Special Report: Facebook your business

THOMASVILLE, GA (WALB) - While social media websites like Facebook, MySpace, and Twitter were originally created for young people, these days you may even find your grandmother online.

But while millions do still use these sites just to share pics from their trip to Jamaica, millions others are utilizing them for free advertising.

Some young entrepreneurs use technology and social media to help their business.

Four years ago, Scott and Katie Chastain purchased The Bookshelf. "The thing about owning your own businesses is I think we are both idea people, and so we love to play around ideas, and it almost becomes kind of an addiction," Katie said.   "You know where oh we can do this and you can do this and than it sort of keeps rolling on to itself and keeps perpetuating. So now three businesses later it's going well."

And just last year Scott created Everfan. His company sells collegiate super hero costumes in bulk to college towns and individually through the website.

"We really try to find products that create experiences and I think that's what's cool with what Everfan is doing cause it's a product, but the idea is the kids get this cape and they wear it for awhile, but it's really this imagination tool and it's getting them involved in creative play," Katie said.

Another successful small business in Thomasville is Sweet Grass Dairy. Current owners Jessica and Jeremy Little took over the business from Jessica's parents in 2005. "Since 2005, kind of doubled production. We're in about 40 different states. We distribute to about 40 different states right now. And Sweet Grass Dairy is in pretty much every Whole Foods in the southeast right now,"  said Communications Manager Matt Willey.

The store currently has 3,000 Facebook friends and 2,000 Twitter followers. "Through the Sweet Grass Dairy Twitter, through Sweet Grass Dairy Facebook, that's where we do a lot of our advertising. That's where we do a lot of things, give-aways, and entries, and prizes, and things like that. It's just where we found the people are."

Willey says these days small businesses can not exist without online advertising and social media. "I'm not going to say old advertising is dead, cause it's not true. But more and more, I think something like 50% of adults have bought something online now and if there's 300 million people in the country, that's a lot of people. That's a huge amount of people we can't ignore."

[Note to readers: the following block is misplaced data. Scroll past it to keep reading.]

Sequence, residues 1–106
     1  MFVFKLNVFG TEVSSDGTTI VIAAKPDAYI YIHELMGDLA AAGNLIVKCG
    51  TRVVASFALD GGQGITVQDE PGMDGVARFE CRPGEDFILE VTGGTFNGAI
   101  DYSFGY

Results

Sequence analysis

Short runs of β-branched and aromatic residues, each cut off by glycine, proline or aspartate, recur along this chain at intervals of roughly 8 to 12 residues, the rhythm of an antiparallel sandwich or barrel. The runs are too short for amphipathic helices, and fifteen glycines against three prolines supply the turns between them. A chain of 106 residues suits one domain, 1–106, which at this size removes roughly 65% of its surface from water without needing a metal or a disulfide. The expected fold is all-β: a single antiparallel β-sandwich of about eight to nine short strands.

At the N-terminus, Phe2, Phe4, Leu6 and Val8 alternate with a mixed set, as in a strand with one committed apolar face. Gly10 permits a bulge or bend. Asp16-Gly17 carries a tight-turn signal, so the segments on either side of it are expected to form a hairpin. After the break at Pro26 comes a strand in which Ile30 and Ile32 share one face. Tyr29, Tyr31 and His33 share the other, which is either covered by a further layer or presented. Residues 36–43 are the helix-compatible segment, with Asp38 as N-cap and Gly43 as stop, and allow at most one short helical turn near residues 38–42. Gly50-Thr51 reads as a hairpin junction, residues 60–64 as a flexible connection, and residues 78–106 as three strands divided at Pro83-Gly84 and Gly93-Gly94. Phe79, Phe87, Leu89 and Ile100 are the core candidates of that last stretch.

The Chastains agree. "We feel like it's important to not only build relationships up with stores, but to also build relationships up with people who enjoy our product. And I think Facebook is one of the best ways to do that," said Scott Chastain.

Entrepreneur Bunny Byrne of Thomasville Townie connects people with downtown Thomasville through her website and blog. "I'll put in little things like "Did you know?"

"Did you know you can have your picture made across from The Big Oak? Did you know there is a secret courtyard downtown where you can gave lunch? So you fun and interesting things about Thomasville that people may not know even if they're from here," said Byrne.

Byrne and downtown Thomasville were featured in last months Southern Living. According to a study done by Merchant Circle, 70% of all businesses are on Facebook.

"I mean it's great free cheap advertising. You know there's $1.99 e-book deal, here it is. It might only be $2, but it's reaching 500 people. Where as you sell a $2 book in the store and it may reach five people," said Katie.

Byrne says business owners in Thomasville all understand shopping local. She says they're all happy to support other people who are doing the same thing, even if they're not downtown. Local business, is local business.

Until now, Scott Chastain has sold to five schools in the southeast, Georgia, Florida, Alabama, Auburn, and Florida State. He says because of the immediate success Everfan is having, he's been awarded licensing for an additional five schools.

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